CHICAGO Aug 1 The U.S. Farm Credit System, a government sponsored enterprise and the single largest lender to U.S. agriculture, said on Friday that second quarter earnings rose 8.3 percent, reflecting a rise in interest income.
The System, which uses proceeds from debt securities issued to domestic and foreign investors to fund farmers and agribusiness, earned $1.196 billion for the April-June period, up from $1.104 billion for the same period last year.
Quarterly net income rose $92 million, reflecting a jump in net interest income of $53 million and a loan loss reversal of $23 million, versus a provision for loan losses of $19 million for the same period a year ago.
Gross loans increased $3.994 billion, or 2.0 percent to $205.054 billion at June 30, 2014, as compared with $201.060 billion at December 31, 2013.
The increase reflected higher loan demand from food and agribusiness companies, as well as a rise in real estate mortgage loans, FCS said a statement. The increase was partially offset by a drop in production and intermediate-term loans as borrowers sold crops and paid down lines of credit.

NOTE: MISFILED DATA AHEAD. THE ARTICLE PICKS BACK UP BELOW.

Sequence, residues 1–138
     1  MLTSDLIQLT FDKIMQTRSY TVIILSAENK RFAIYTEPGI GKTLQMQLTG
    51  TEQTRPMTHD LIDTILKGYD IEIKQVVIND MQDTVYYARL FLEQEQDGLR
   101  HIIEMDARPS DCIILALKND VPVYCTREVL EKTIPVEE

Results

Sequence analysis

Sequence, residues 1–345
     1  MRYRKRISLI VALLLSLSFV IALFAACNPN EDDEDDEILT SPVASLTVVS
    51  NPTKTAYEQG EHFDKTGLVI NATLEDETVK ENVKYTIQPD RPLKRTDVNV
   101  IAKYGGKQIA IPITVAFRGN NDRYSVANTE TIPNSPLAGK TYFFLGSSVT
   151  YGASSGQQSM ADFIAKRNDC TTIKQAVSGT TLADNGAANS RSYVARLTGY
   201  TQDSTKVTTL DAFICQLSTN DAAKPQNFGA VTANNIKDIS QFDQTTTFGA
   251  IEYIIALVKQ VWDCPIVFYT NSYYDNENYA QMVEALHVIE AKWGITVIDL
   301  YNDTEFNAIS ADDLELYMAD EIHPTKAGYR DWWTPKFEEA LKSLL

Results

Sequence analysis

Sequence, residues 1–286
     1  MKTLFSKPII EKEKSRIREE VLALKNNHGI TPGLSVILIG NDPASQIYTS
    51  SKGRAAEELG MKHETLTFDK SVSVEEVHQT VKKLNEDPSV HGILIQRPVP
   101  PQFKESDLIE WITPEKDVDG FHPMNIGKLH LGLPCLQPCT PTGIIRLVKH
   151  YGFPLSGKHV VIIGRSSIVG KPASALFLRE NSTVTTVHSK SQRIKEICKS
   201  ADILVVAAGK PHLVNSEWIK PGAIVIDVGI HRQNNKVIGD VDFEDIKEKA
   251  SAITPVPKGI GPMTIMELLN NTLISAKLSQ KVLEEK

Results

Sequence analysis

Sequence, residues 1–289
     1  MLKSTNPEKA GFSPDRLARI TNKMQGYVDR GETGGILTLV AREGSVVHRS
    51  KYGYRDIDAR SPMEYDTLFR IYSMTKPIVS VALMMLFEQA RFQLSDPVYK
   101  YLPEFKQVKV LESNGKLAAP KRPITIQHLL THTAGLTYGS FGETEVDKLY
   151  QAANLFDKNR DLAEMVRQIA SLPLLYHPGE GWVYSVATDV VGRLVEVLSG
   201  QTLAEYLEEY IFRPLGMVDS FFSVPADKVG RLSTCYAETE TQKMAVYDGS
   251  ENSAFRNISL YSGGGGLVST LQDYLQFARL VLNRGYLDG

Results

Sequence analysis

The livestock, dairy and ethanol businesses under stress in recent years due by pricey corn, the main feedstock used by all three, are seeing margins improve as corn prices fell below $5 a bushel during the quarter. The prices of corn and other grains remain under pressure on outlooks for a bumper 2014 harvest, which will mean lower income for grain farmers for the first time in years.
Denver-based CoBank, the largest of the System's cooperative banks, also on Friday posted a rise in quarterly earnings, up 10 percent as interest income rose.
For the quarter ending June 30, net income rose to $232.9 million, from $212.0 million in the same period a year ago.
Average loan volume for the quarter rose 7 percent to $76.9 billion, compared to $71.6 billion in the same quarter 2013, CoBank said.
The rise resulted from increased borrowing from food and agribusiness companies, affiliated Farm Credit associations and rural power providers, CoBank said. (Reporting by Christine Stebbins. Editing by Andre Grenon)